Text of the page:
Cambodia tribunal dispute runs deeperBreaking News
The Cambodian government, critics say, is attempting to limit the scope of the trials for its own political reasons, a limit that the critics say would compromise justice and could discredit the entire process.
The first defendant is the man with perhaps the most horrifying record: Kaing Guek Eav, known as Duch, the commander of the Tuol Sleng torture house in Phnom Penh, where at least 14,000 people were sent to their deaths. His trial is to open with a procedural hearing, set for Feb. 17, at which more substantive sessions, involving witnesses and evidence, are expected to be scheduled.
Four other defendants, all of whom were members of the Khmer Rouge Central Committee, are also in custody, waiting their turns to face charges in crimes that occurred while they were at the top of the chain of command from 1975 to 1979. As much as one-fourth of the population died from disease, hunger, overwork or execution under the Khmer Rouge's brutal Communist rule.
Those five defendants are enough, Cambodian officials say.
But foreign legal experts counter that within reasonable limits, the judicial process should not be arbitrarily limited.
After a decade of difficult and not always friendly negotiations between the United Nations and the Cambodians, a hybrid tribunal is in place, with Cambodian and foreign co-prosecutors and panels of co-judges in an awkward political and legal balancing act. Now, even before Duch's trial gets under way, that balance is being tested.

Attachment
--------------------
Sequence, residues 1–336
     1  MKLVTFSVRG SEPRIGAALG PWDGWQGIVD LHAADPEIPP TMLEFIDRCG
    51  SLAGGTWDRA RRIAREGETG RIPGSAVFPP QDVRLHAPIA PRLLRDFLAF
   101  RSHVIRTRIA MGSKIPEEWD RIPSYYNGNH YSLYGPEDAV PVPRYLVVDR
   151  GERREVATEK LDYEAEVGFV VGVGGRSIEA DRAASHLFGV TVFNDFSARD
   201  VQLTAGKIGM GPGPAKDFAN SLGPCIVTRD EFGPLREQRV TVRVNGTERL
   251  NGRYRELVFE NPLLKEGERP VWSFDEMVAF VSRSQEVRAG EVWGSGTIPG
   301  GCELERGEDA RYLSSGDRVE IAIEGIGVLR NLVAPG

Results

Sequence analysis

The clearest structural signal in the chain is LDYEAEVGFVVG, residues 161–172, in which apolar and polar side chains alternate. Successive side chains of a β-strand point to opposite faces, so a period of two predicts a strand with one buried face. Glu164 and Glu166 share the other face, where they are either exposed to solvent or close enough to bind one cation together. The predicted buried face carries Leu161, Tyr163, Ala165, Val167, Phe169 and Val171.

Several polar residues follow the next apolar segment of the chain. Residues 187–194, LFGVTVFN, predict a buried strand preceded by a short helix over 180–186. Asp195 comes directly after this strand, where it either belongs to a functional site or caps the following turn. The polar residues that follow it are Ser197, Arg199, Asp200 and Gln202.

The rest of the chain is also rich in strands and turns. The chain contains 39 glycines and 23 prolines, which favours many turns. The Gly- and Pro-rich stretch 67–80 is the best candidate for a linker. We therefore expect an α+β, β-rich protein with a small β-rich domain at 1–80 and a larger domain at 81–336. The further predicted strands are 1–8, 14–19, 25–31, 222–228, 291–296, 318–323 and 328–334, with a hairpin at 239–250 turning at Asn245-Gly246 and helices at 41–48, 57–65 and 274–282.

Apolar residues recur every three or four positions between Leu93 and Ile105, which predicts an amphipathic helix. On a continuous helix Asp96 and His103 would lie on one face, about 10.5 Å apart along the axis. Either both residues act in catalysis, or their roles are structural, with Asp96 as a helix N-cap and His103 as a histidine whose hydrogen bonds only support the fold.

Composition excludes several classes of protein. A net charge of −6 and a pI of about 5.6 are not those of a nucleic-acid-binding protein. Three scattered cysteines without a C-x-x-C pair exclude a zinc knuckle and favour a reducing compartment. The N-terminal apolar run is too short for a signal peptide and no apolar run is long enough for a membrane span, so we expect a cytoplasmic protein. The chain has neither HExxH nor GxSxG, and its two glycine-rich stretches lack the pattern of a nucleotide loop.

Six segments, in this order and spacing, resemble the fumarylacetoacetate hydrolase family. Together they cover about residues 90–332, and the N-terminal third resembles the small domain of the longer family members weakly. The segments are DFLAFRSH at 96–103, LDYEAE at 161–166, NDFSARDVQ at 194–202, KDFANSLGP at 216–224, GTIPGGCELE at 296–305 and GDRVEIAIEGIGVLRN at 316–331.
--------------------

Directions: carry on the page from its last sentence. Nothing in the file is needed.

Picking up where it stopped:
Last month the foreign co-prosecutor, a Canadian named Robert Petit, submitted six more names to the court for investigation, saying that he had gathered enough evidence to support possible charges. Petit's Cambodian counterpart, Chea Leang, objected - not on legal grounds, but for reasons that appear to reflect the government's position on the trials.
Additional indictments, the Cambodian prosecutor said, could be destabilizing and would cost too much and take too long and would violate the spirit of the tribunal, which she said envisioned "only a small number of trials."
comments powered by Disqus
- Frontline does Trump & Clinton
- This New York Times ‘Hitler’ book review sure reads like a thinly veiled Trump comparison
- Chicago Tribune editorial: The government should release secret grand jury testimony about its 1942 scoop: "Jap Plan to Strike at Sea"
- US owes blacks reparations over slavery: UN experts
- Mali Islamist jailed for nine years for Timbuktu shrine attacks
- What Historians Are Saying About the First Trump-Clinton Debate
- Princeton professor documents the movement that ended single-sex education at elite schools
- Annette Gordon-Reed tells historians the controversy over Harvard law school's shield is different from the fight over the Confederate flag
- Historian EP Thompson denounced Communist party chiefs, files show
- Voting opens soon for the leaders of the OAH in 2017